This week saw the official move out of the Mashpee Wampanoag Tribe from their office located in Taunton, as it could be seen by the special recording which plays when someone attempts to reach the facility. According to it, the number previously used for contacting the tribal business is no longer in service and finding a representative to talk to is impossible. Following an inquiry to the headquarters of the tribe in Mashpee, it was confirmed that the office in downtown Taunton will no longer be serving the community.
Now the attorney for the residents of East Taunton, David Tennant, stated that the tribe seems to have permanently evicted the building where the office used to be located. This moving out marks an end to a rather rough year for the Mashpee Wampanoag Tribe which could not make it to the official construction of the coveted $1 billion casino project. Many experts state that the casino project has little to no chance of actually being built and the tribal supporters are already looking into other possibilities for development.
Timeline of the Events
It could be recalled, that around the end of 2009 the tribe began working on its plans to construct a casino location near East Taunton’s Silver City Galleria. Back then the tribe entered an agreement with the Taunton Mayor Tom Hoye, which meant that the tribe had to pay the city as much as $8 million per year. A while after that, in 2015, in a move that disregarded all odds and federal law, the land was taken into trust by the Secretary of the Interior for the Mashpee, to which the community of East Taunton responded with a lawsuit that they eventually won.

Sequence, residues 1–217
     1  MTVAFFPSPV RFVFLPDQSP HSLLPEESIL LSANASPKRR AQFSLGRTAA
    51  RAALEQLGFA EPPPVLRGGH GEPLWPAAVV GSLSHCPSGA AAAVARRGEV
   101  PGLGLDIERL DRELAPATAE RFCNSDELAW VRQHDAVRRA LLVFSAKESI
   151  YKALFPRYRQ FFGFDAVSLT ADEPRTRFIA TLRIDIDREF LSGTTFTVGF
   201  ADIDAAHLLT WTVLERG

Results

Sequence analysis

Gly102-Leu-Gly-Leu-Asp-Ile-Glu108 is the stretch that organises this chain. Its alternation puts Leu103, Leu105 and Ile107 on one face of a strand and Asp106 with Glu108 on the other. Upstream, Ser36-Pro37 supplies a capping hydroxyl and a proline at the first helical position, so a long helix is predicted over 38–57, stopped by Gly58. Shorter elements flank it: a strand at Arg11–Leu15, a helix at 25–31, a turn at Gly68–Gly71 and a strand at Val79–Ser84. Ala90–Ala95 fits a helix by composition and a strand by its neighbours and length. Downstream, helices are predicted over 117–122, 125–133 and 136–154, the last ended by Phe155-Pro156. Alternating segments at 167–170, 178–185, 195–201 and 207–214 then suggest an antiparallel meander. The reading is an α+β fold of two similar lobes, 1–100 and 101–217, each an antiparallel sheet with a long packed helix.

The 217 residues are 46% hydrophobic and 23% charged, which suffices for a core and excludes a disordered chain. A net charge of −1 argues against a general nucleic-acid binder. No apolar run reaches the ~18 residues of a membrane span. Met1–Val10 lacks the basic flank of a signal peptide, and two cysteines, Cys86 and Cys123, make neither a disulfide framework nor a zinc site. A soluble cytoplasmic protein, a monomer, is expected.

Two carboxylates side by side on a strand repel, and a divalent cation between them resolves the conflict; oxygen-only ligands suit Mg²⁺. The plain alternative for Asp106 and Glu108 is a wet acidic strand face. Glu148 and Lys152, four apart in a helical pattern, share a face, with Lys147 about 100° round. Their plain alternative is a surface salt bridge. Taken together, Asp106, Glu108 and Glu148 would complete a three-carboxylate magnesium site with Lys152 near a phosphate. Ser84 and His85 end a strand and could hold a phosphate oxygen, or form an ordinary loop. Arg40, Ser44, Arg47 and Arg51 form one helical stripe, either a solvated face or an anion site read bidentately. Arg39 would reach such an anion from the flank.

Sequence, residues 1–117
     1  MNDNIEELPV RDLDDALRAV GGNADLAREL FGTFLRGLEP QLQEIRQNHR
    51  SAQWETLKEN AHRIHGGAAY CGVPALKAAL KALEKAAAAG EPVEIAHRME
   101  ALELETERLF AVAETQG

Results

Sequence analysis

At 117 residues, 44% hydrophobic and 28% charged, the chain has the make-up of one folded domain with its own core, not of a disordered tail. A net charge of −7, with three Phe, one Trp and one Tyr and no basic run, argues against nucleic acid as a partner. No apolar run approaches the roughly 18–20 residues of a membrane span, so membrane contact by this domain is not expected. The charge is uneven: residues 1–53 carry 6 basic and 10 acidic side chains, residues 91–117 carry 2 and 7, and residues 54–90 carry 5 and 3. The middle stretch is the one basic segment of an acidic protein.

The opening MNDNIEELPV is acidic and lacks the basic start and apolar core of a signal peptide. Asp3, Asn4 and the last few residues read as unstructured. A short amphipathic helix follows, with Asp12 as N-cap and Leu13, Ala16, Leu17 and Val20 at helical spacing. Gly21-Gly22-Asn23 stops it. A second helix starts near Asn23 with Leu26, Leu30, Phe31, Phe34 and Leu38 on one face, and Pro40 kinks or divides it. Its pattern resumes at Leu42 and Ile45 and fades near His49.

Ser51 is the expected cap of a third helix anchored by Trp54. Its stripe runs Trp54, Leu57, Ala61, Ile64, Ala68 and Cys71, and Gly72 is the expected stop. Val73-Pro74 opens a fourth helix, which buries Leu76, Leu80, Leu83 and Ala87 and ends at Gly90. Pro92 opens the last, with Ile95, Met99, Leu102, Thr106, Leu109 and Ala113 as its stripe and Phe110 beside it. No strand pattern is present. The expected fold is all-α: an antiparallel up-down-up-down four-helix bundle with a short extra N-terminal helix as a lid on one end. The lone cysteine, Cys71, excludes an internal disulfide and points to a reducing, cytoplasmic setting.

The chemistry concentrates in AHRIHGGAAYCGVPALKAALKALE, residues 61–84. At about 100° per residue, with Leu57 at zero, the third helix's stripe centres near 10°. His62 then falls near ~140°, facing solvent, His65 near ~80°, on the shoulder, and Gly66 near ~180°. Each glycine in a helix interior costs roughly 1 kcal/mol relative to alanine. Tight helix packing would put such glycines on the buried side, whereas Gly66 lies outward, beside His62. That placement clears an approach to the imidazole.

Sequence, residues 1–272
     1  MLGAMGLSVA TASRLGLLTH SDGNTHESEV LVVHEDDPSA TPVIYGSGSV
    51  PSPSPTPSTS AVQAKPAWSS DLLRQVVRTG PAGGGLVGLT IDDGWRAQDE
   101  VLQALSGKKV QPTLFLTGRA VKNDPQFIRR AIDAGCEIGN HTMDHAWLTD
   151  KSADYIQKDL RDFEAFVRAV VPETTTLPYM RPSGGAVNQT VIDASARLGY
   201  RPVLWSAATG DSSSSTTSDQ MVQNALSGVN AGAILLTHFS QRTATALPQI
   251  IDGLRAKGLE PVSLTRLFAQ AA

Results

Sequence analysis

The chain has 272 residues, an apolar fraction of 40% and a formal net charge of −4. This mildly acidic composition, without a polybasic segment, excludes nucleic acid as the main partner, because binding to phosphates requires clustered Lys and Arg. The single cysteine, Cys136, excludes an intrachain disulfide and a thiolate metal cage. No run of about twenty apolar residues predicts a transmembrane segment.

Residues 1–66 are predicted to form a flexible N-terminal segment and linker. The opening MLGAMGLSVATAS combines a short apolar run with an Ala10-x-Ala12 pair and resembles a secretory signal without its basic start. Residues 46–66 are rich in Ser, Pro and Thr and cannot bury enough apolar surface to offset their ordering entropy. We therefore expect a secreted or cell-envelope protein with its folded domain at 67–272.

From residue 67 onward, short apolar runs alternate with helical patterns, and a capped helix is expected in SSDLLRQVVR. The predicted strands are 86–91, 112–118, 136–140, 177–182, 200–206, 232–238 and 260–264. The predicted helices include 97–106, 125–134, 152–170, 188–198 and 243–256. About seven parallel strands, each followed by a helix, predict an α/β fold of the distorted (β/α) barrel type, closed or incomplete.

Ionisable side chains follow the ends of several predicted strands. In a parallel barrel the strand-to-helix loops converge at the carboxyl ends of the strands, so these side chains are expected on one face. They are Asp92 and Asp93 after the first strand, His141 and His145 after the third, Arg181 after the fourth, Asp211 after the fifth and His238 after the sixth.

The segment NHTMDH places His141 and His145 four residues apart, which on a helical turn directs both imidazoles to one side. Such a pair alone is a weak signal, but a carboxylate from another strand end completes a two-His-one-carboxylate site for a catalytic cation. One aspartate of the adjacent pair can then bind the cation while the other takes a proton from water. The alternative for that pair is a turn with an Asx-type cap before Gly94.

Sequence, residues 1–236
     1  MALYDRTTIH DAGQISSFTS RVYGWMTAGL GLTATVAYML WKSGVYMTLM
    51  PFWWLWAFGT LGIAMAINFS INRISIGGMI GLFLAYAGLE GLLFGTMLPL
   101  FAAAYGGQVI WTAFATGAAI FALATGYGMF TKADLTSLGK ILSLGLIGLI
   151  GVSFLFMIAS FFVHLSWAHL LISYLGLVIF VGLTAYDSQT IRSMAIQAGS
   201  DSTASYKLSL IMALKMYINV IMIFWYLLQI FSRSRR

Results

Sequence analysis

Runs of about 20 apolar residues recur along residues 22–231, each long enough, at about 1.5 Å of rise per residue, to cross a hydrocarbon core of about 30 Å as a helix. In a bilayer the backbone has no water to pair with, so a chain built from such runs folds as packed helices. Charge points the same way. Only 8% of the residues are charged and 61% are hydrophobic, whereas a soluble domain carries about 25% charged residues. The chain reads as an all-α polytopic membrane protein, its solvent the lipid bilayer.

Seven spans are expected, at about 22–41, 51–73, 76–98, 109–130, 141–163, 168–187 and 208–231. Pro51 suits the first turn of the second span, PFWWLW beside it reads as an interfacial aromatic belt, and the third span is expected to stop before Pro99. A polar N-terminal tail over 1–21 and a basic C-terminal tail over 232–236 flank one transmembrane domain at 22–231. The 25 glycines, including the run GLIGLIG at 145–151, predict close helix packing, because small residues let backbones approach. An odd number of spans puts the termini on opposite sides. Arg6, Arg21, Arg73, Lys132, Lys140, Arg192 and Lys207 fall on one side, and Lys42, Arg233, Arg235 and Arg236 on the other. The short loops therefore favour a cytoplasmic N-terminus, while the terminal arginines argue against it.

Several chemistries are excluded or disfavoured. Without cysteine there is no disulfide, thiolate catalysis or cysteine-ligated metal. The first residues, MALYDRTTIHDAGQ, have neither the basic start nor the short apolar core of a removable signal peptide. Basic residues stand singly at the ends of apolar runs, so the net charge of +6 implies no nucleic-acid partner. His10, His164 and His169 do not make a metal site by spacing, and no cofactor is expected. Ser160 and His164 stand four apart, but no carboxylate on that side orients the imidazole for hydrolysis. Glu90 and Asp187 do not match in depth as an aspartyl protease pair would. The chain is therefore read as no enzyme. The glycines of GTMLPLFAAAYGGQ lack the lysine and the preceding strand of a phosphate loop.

The issue with the tribe was that it was not officially recognized by the federal government up until 2007 and this made it even harder to move ahead the casino project. The trust from 2015, therefore, took the land of the proposed gambling venue on the basis of the other definition of Indian, namely the persons who are descendants of the tribes. This does not follow the definition of the federal jurisdiction and was therefore not recognized by the federal law. This led to 2016 and the US District Court Judge rejecting the application of the tribe on the grounds of it not following the plain meaning of the statute.
Following this decision, the tribe decided to utilize the federal jurisdiction and qualify according to it but was unfortunately welcomed with a second no. This situation, however, did not last too long, as the Department of the Interior Associate Deputy Secretary James Cason proposed another approach to the case and advised both parties in the legal conflict to submit arguments based on the rationale that the tribe might be considered a surrogate for federal jurisdiction. This led to even more commotion around the project and for the time being, the tribe is looking for ways to make it happen and find the vehicle to do so.